What do political candidates owe to their voters?

By Gail Chaney Kalinich
Posted10/14/2016 1:00 AM

In the midst of election season, debates between presidential candidates capture the headlines. But, here in suburban Chicago, finding an actual debate between candidates is becoming increasingly difficult -- if not impossible for some races.

Eight chapters of the League of Women Voters have joined forces this election season in an effort to change this unhealthy pattern. The league appreciates those candidates who do recognize and fulfill their obligation to engage with voters.

Many local and Illinois General Assembly candidates have been willing to participate in these Q&A-style forums, while many others have not.

Our group of eight leagues will host a forum on Sunday, Oct. 16, at Glenbard South High School, featuring local races including the 23rd Illinois Senate (Seth Lewis, Thomas Cullerton) and the 48th Illinois House (Steve Swanson, Peter Breen) races.

But, with seven of our leagues within the 6th Congressional District, we are particularly disappointed that Peter Roskam declined our invitation to join his opponent, Amanda Howland at the forum. We're frustrated that he provided no alternative dates despite repeated requests. This election will be the fourth consecutive election without Mr. Roskam debating his opponent at a forum.

He's not alone, though. Incumbent Deb Conroy, candidate for state representative in the 46th House district, also declined a league invitation, as did 8th District congressional candidate Raja Krishnamoorthi, and 14th District incumbent U.S. Rep. Randy Hultgren.

Indeed, throughout suburban Chicago, candidates from both major parties have rejected efforts from bipartisan organizations, including the League of Women Voters, to host debates or forums, depriving voters of the opportunity to ask questions of the candidates.

We're extremely grateful to all candidates for their willingness to serve in political office. Yet, we also believe that political candidates have an ethical obligation to the democratic process that requires them to appear before their voters in advance of an election.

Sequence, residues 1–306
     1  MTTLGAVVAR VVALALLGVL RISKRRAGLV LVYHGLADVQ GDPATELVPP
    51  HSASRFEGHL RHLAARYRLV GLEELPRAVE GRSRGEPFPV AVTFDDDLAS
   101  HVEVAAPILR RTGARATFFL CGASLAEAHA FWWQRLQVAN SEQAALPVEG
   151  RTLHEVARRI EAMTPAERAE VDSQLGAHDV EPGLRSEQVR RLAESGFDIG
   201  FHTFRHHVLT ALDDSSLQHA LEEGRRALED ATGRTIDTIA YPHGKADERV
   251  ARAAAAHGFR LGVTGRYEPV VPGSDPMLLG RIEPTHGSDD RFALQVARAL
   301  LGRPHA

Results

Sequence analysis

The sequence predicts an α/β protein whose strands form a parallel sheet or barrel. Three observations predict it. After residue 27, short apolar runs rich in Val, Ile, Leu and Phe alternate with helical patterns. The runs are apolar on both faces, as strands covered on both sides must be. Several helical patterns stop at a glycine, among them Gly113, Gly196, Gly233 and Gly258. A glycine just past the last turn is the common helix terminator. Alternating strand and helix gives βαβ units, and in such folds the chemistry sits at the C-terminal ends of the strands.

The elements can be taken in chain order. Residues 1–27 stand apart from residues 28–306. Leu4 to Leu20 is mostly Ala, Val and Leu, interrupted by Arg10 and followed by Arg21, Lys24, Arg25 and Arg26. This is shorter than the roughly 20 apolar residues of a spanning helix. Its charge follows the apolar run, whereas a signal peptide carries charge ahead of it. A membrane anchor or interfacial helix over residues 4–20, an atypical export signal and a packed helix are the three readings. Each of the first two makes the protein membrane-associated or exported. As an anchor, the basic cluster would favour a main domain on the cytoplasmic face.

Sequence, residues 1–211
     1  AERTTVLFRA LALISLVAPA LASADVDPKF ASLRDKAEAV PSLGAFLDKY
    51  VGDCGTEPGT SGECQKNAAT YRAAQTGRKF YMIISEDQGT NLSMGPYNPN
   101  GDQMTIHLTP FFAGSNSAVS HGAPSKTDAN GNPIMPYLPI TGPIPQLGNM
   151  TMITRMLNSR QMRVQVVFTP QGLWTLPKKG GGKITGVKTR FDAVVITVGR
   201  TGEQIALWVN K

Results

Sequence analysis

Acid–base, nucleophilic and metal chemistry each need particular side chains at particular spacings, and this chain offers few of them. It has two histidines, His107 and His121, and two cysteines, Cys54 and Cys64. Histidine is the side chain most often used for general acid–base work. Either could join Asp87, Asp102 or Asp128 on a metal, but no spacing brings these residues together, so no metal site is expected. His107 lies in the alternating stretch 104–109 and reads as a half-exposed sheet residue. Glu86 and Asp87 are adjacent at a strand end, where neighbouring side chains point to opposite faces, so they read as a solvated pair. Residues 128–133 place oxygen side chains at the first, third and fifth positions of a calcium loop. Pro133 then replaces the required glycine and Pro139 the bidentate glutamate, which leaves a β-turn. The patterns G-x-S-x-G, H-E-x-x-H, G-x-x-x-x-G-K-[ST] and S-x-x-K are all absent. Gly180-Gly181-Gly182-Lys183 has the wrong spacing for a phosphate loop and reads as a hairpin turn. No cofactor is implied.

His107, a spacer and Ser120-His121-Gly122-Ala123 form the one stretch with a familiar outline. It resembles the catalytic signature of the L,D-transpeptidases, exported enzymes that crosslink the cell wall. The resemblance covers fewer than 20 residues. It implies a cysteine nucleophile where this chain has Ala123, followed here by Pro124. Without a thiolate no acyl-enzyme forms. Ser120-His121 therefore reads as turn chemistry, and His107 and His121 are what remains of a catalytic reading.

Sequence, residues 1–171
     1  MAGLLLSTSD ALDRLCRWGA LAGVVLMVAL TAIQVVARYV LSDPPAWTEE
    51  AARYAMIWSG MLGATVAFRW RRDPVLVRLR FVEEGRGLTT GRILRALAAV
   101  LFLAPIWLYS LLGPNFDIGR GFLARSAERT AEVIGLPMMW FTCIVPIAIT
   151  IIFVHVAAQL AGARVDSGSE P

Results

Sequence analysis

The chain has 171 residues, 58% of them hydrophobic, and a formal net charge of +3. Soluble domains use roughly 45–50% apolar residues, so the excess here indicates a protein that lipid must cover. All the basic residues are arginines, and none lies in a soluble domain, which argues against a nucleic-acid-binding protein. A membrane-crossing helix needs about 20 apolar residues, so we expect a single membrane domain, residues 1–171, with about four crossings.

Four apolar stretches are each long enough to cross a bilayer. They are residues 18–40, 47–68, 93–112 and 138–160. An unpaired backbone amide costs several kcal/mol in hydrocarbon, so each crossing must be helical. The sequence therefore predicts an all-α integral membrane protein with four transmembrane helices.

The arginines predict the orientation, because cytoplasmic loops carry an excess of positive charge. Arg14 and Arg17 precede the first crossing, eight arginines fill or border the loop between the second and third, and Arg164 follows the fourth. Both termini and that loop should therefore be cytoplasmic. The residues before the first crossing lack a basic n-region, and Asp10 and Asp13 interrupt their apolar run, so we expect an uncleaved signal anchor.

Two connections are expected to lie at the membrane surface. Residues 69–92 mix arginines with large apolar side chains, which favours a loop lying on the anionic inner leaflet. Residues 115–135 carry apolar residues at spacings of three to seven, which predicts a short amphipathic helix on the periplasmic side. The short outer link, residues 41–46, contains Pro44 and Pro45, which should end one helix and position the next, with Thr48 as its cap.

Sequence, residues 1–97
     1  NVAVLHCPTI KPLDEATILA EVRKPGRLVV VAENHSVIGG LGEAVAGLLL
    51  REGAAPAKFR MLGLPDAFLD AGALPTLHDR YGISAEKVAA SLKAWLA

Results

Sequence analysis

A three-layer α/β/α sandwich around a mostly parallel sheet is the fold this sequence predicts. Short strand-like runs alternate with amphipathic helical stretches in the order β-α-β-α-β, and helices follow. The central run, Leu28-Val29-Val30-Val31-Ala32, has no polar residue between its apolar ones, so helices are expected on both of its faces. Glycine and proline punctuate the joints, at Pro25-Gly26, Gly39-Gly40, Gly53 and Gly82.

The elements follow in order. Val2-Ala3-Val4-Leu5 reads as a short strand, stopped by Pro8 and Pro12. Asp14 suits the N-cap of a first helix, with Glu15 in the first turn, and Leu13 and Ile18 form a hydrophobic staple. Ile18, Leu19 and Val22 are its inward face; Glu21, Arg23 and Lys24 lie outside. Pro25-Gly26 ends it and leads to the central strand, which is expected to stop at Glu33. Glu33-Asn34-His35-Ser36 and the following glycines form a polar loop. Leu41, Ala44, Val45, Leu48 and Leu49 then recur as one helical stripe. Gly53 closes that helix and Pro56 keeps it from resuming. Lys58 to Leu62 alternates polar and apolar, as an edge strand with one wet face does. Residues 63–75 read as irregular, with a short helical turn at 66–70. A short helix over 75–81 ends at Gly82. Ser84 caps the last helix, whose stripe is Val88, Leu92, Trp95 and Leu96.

The notion of a representative democracy, deriving its authority and legitimacy from the consent of the governed, requires that political candidates be willing to present themselves for substantive consideration. This necessarily involves disclosing their views, even in the broadest strokes, on issues of concern to the voting public.

Refusing to appear at debates or question-and-answer forums allows candidates to essentially avoid revealing their stances on controversial matters, thus undermining the voters' ability to properly evaluate their candidacy. Candidates eagerly attend their own fundraisers and partisan events to mingle with donors and supporters, yet they communicate with the wider electorate almost exclusively through one-way methods such as robocalls and glossy mailings.

These one-way contacts allow the candidates to pick and choose which topics to address, and to completely avoid uncomfortable issues. It's frustrating and disappointing when candidates decline invitations to free, nonpartisan events, open to the public, with formats allowing voters to ask questions.

The law prohibits the league from conducting "empty chair" debates, so if one candidate in a two-way race declines an invitation, the debate must be canceled.

Presumably, these candidates evaluate the strategic political benefit to their own campaign and decide against attending, either because of the risk of a costly gaffe or the concern that a joint appearance might raise the profile of lesser-known opponents. Some people suggest that gerrymandered districts generate candidates -- often incumbents or dominant party candidates -- who feel "safe" enough to skip debates.

Whatever the cause, whatever the rationale, ducking debates does serious harm to the voters. The short-term competitive advantage a candidate might hope to gain never justifies disregarding such a fundamental responsibility in the democratic process.

Now, more than ever, it would be refreshing to see candidates appearing together for respectful, substantive discussions of the issues. Their disrespect for the voters and the democratic process is disappointing.

Gail Chaney Kalinich, an international election observer, is Voter Services Chair for the League of Women Voters of Glen Ellyn. Sonja Faulkner and Carrie Burrows, co-presidents of the League of Women Voters of Glen Ellyn, also contributed to this article. Sponsors of the Oct. 16 forum are LWV of Wheaton, LWV of Naperville, LWV of Elmhurst, LWV of Central Kane County, LWV of Downers Grove, Woodridge and Lisle, LWV of Palatine Area, LWV of McHenry County, and LWV of Glen Ellyn

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